|The discussion, one of many, while we were at the little house on Itaparica.|
Friday, March 16, 2012
Sustainable Development and Dona Joana
, and all we have to do is steer clear of the specters of economic recession. We need to change. On a massive scale. Fast. And so I often get frustrated with the people who want to talk about the economies of "non-capitalist traditional societies" and creating a sustainable world one eco- village at a time. The majority of the social-ladder climbing population is not going to buy into this, I want to say, and besides, we need bigger changes, faster.
But there’s more to the sustainable development room than the consumption elephant. Policy wonks, myself included, often get hung up on "internalizing the externalities” and incorporating “the polluter-pays principle” at the expense of traditional culture and small-scale innovation. We miss out on the philosophical questions and exchanges of human and natural creativity in our search for policy solutions in the political and economic realms.
Last weekend we went out to the communities to meet with some of the clam and oyster harvesters. Most of the two days were consumed with meetings. I sat with a group in school desks that had been pulled into a judo studio not far from the estuary that fronts the town going back and forth in discussions for hours. After the last meeting on the second day, we had lunch, then drove down a mix of paved and dirt roads to where another part of our group had just finished up. We sat down in a room with white flags dangling from the ceiling and pictures of saints hanging on the walls next to women in colorful skirts. Soon a few men came out and began beating out polyrhythms on some drums and a bell and the women, most of whom were in their 60’s, began dancing a crazy samba. Everyone except me seemed to know all the songs and the dance went on for nearly two hours, the women’s feet moving furiously. Some of the older women who couldn't do all the steps just spun in circles as fast as they could, their gold skirts billowing. One of the younger women had a two year old boy whose face just lit up with excited happiness at all this, his eyes alight with wonder as he tried to do the dance -- kicking his little legs and nearly falling over.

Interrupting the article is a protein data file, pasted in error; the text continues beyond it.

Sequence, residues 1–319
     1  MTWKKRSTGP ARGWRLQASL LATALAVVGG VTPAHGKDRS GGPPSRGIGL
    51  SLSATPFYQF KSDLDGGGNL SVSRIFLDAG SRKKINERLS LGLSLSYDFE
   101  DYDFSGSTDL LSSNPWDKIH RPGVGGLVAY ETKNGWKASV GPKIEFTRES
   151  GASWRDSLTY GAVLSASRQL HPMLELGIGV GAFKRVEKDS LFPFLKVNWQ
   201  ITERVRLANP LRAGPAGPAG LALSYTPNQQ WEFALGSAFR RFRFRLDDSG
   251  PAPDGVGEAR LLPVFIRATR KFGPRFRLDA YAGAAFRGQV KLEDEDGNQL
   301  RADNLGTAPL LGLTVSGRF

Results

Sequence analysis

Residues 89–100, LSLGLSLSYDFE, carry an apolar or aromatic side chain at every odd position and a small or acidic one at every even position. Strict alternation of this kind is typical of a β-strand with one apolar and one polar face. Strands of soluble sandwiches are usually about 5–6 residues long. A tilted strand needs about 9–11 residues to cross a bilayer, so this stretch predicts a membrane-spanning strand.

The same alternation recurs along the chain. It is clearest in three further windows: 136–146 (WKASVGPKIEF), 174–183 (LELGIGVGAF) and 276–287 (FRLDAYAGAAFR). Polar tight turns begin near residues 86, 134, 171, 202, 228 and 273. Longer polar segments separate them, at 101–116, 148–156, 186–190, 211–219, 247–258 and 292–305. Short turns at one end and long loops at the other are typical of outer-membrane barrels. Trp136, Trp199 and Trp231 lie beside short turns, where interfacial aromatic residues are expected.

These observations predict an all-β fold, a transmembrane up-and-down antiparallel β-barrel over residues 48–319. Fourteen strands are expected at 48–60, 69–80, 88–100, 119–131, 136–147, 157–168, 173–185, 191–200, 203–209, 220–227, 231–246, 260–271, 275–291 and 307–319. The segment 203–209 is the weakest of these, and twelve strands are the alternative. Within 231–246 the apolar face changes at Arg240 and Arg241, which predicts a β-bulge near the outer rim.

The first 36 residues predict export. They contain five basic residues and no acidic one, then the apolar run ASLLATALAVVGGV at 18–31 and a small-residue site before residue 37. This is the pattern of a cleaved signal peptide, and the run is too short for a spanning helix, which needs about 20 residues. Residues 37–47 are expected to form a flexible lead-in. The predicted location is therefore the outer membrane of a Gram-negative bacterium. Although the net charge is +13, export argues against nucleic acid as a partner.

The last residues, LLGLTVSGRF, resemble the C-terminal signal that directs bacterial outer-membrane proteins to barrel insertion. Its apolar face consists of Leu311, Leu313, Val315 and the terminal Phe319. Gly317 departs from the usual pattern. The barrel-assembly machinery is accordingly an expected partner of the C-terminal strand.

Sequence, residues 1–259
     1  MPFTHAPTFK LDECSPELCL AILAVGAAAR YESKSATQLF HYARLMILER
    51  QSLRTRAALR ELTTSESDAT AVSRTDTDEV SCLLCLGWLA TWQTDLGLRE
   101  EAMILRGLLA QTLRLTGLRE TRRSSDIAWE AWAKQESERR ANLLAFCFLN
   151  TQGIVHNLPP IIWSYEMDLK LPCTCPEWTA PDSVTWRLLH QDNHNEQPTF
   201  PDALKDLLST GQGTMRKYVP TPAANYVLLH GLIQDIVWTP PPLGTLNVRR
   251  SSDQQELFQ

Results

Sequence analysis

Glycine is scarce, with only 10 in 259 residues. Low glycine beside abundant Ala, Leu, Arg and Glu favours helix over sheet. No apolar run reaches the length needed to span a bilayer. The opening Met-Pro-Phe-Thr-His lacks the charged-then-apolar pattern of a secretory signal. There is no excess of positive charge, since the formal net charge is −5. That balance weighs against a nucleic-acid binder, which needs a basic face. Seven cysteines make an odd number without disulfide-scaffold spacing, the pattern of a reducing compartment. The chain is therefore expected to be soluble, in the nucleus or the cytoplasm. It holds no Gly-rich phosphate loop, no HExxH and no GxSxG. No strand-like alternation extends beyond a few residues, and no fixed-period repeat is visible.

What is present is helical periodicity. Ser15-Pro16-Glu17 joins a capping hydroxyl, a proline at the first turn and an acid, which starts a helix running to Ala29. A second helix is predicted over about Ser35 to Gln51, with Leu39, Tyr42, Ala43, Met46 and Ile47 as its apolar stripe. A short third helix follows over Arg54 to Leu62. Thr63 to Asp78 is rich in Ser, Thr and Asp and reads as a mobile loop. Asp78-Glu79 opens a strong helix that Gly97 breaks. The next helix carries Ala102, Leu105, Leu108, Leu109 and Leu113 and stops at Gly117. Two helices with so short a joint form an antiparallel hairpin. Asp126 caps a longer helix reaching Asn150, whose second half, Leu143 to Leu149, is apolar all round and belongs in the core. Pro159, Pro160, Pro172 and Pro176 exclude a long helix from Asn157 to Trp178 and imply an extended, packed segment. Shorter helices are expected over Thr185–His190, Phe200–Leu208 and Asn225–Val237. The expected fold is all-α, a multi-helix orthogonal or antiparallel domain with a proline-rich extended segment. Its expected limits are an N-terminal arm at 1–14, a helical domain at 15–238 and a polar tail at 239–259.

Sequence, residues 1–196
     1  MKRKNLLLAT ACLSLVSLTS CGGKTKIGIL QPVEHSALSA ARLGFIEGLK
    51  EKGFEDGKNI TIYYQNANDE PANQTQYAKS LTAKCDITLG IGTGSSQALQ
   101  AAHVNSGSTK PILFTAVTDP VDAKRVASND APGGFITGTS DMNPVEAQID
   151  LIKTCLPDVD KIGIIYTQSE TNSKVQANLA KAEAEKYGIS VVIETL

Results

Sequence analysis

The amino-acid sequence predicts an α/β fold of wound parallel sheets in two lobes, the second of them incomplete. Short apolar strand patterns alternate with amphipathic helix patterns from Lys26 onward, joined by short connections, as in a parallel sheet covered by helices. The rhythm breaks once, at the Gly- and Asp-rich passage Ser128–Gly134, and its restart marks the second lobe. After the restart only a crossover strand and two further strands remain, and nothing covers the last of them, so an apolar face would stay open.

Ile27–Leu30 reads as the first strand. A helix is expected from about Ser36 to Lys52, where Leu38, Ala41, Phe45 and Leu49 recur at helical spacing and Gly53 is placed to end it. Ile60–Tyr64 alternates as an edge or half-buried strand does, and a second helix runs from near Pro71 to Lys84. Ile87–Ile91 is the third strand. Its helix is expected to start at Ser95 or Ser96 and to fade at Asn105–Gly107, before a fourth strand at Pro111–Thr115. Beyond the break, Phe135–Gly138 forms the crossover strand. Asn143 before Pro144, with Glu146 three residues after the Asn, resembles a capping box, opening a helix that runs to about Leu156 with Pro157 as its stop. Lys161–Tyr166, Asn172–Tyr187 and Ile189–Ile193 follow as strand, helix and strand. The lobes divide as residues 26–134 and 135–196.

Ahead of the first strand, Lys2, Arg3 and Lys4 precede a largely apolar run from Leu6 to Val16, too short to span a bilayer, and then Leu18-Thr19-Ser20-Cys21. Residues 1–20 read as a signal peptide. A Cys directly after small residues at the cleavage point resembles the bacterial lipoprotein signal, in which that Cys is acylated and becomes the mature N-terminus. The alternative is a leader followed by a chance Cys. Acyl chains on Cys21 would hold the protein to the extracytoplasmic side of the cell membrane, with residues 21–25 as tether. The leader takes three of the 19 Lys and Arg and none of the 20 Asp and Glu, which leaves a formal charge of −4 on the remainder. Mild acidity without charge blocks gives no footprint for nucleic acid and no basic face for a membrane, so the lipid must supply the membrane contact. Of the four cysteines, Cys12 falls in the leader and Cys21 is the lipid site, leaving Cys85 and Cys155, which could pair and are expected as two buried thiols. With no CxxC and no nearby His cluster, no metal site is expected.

I learned later that the space was used for candomble ceremonies -- the syncretic combination of Catholicism and animist religions slaves brought over. The pictures were of saints, but they represented orixas -- African deities of nature like wind and water. The music, dance, and religion are the legacy of people who have struggled to preserve their culture in a changing environment. Within them are stories of overcoming oppression and lessons for survival in a land of danger and beauty. And there are arts and stories and faiths from East Asia to middle-America that tell the same warnings and bestow the same hope.
Somehow we have to make room for them, and Dona Joana, in our institutional blueprints and roadmaps for a green economy, in our politics and in our narratives. While it's imperative we develop an international framework that will tame the beast of consumption, we have to make folk music and village councils part of our vision, along with new efforts at forming sustainable communities like eco-villages and co-ops. We have to include these histories and traditions and new-fangled innovations in the story of the future we want. Any notion of sustainability is hollow without them.